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Texas Sportsman
Hit The Flats For Redfish
Redfish feeding on the flats of the Gulf are prime targets this month, and these spots are prime locations for getting in on the angling action. (May 2010)

Phil Brannan caught this big redfish on a topwater lure fished in shallow water at Port O'Connor.
Photo by Robert Sloan.

As we head deeper into May you'll notice three things. One is that we're re-entering a time of summer weather patterns. Two more are that water temperatures are warming, and that fishing on the flats for shallow-water reds is good and getting better.

And the great thing about fishing the flats for redfish is there is no shortage of places to fish. In fact, you can find excellent fishing on the flats from Sabine Lake to the Laguna Madre. Three of my favorite areas to find skinny-water reds in late April and May are on the Middle Coast at Port O'Connor, at East Galveston Bay, and on Keith Lake, on the Upper Texas Coast.

That last one might have you stumped. Keith Lake is part of the Sabine Lake estuary flats. Everybody knows where East Galveston Bay is located; Port O'Connor can be found between Matagorda and Rockport.

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I like to fish the clear-water flats for tailing reds. And that's why my favorite place to fish is at Port O'Connor, a.k.a. POC. From the small fishing town of POC you can cross the Intracoastal Canal and enter what I call skinny-water fishing paradise. The islands and clear-water flats are everywhere. It's a kayaker's dream world. And if you're into catching tailing or waking reds with light tackle or on fly-fishing gear, this is your place!

Some of the more popular areas to fish at POC include Barroom Bay, Mule Slough, Big Pocket, Farwell Island, Pringle Lake and miles of protected shoreline along Blackberry and Dewberry islands. We're talking miles and miles of shallow flats.

The best way to fish them is from a shallow-running skiff. I use a 17 1/2-foot Caimen with a hull that weighs less than 500 pounds. It runs supper shallow, floats in inches of water, and is easy to pole across the flats. Other anglers opt to run big and heavy center-console, tunnel-hull rigs across the flats. Those boats will run shallow, but you can't pole them too well. That leaves you the option of running the flats, staking out the boat and wading. Another option is to transport kayaks to shallow-water flats with a big boat.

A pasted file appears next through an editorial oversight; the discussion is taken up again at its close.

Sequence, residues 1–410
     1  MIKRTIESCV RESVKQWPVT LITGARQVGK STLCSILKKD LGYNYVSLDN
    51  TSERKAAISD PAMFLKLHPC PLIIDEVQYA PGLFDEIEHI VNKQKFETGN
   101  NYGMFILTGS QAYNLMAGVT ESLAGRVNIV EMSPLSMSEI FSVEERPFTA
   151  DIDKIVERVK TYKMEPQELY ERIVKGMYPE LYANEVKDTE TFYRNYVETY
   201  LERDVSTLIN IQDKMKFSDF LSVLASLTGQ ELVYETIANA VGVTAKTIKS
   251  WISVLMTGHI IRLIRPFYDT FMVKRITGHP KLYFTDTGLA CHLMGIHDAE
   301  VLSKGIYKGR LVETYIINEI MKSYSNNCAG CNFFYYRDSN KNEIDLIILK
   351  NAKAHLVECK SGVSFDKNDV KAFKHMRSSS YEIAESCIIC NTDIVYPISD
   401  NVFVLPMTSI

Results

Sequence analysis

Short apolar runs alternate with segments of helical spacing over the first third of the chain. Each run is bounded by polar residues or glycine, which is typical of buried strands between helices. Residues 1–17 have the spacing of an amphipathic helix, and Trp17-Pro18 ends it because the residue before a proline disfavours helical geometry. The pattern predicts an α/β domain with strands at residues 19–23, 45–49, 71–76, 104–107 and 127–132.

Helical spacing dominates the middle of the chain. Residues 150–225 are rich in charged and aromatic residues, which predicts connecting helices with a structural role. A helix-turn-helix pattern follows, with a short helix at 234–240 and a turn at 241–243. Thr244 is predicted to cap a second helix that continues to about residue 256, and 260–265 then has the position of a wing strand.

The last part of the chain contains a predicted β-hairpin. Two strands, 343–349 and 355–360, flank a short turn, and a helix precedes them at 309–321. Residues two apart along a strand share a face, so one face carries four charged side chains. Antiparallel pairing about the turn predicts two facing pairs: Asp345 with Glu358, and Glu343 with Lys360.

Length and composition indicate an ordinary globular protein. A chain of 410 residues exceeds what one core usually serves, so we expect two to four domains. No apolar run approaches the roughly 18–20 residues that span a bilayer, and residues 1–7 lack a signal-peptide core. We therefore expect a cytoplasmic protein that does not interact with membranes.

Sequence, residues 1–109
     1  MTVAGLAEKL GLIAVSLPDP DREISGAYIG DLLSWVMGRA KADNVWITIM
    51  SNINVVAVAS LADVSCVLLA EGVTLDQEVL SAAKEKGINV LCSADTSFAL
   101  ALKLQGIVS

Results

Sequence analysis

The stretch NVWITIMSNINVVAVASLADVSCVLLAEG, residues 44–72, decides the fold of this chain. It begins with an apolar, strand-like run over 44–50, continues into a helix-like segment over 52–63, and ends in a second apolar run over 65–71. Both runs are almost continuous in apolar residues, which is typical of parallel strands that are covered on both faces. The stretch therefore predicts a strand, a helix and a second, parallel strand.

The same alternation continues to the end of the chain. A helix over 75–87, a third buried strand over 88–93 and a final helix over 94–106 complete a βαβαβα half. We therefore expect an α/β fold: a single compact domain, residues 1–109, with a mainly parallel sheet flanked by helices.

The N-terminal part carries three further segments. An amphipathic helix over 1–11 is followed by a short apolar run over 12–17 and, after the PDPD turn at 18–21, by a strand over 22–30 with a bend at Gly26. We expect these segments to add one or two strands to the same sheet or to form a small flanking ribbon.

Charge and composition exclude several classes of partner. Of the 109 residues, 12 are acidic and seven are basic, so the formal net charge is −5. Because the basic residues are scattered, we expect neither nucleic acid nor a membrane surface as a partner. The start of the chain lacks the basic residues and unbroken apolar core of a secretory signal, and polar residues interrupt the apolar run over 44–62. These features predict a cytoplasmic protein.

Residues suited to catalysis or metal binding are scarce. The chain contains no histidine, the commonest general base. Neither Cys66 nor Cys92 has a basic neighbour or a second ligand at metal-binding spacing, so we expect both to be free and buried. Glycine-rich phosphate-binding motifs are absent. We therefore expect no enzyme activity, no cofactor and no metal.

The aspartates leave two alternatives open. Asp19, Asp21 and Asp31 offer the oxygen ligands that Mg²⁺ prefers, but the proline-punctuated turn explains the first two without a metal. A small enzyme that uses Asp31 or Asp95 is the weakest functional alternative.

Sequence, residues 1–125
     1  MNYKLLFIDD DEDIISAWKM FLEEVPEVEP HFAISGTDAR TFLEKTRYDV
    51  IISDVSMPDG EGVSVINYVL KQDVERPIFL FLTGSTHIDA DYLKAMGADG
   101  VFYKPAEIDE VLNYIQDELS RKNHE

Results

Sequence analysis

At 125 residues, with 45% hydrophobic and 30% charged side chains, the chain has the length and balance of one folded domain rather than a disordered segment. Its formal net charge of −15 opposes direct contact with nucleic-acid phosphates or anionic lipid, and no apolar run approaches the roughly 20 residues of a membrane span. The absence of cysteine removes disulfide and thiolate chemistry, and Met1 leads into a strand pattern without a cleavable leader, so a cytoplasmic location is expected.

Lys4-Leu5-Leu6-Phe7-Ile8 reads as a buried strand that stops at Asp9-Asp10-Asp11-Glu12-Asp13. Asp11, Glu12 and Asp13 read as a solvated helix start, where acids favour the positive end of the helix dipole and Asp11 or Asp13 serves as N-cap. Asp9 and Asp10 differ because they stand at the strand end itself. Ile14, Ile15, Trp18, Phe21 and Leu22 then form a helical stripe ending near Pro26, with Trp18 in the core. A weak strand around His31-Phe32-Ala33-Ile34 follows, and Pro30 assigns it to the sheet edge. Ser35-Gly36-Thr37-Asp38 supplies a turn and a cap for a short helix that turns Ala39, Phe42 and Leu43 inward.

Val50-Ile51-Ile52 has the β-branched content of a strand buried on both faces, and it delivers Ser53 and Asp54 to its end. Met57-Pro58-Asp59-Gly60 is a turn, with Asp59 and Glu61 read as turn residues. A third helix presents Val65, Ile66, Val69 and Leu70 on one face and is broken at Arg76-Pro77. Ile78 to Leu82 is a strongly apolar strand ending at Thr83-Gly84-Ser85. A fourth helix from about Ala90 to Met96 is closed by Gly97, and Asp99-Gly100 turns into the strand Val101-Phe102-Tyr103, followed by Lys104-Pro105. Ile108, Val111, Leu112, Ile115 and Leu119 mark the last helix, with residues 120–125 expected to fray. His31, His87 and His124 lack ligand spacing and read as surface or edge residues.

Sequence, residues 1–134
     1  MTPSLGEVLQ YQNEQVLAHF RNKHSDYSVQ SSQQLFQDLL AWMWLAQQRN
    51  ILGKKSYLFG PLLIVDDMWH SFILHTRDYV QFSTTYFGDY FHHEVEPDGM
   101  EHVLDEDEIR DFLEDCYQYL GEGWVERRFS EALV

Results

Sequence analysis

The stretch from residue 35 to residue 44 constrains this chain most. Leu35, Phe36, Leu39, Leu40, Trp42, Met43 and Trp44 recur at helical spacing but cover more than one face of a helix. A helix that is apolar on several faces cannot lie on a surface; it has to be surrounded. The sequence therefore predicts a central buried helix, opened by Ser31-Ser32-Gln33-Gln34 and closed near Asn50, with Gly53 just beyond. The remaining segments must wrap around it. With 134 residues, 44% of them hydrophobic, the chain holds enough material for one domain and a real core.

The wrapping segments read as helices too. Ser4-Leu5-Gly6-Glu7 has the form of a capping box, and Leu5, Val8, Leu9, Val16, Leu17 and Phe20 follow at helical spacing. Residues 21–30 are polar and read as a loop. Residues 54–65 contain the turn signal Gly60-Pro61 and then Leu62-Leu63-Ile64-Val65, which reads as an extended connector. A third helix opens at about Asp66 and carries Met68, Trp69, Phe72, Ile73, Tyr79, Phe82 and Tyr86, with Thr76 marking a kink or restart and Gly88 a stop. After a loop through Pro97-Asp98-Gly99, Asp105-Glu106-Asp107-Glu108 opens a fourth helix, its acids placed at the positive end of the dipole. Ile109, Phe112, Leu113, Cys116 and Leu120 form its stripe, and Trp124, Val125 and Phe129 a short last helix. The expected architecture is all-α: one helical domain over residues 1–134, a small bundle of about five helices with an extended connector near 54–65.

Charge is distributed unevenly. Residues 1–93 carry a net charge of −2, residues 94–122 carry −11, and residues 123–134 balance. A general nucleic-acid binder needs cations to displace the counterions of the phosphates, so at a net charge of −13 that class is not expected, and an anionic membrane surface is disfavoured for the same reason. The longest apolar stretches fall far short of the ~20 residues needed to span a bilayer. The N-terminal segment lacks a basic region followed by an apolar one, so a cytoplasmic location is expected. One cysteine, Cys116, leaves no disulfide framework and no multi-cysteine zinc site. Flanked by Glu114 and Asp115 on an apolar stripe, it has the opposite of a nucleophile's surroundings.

The key to fishing POC's clear-water flats is to be able to see the reds before they see you. That's when a shallow-running skiff with a poling tower is worth its weight in gold. The person on the tower poles the boat over the flats, sees the reds and gives the angler directions for a cast. It goes something like this:

"Two o'clock, 30 feet, three reds moving from right to left." That gives the angler on the bow a heads-up on where to look and cast for the targeted reds. It's very exciting fishing. Of course, if you're on tailing reds it's simply a matter of getting the boat in position for a cast.

One of the best lures for POC reds is a 1/8-ounce gold or copper spoon. A Super Spook Jr. in chrome/blue or chartreuse is an excellent topwater option. So is a bone-colored Bomber Badonk-A-Donk. That's a new topwater plug that is deadly on big reds and trout. And the latest go-to plug for reds is the Mann's Waker -- a small lure that runs on the surface with a steady retrieve. The croaker pattern is best.

Hurricane Ike hit East Galveston Bay was hit hard, but once the storm passed, the bay was cleaned up and the fishing is great again. The best ramp on the bay is located at Stingaree Marina on the middle of Bolivar Peninsula. It's located next to Stingaree Restaurant. From those ramps you have two very good options for finding shallow reds. One is to fish the marsh on the bay side of the Intracoastal Canal. The other is to fish the small estuary lakes along the IC.

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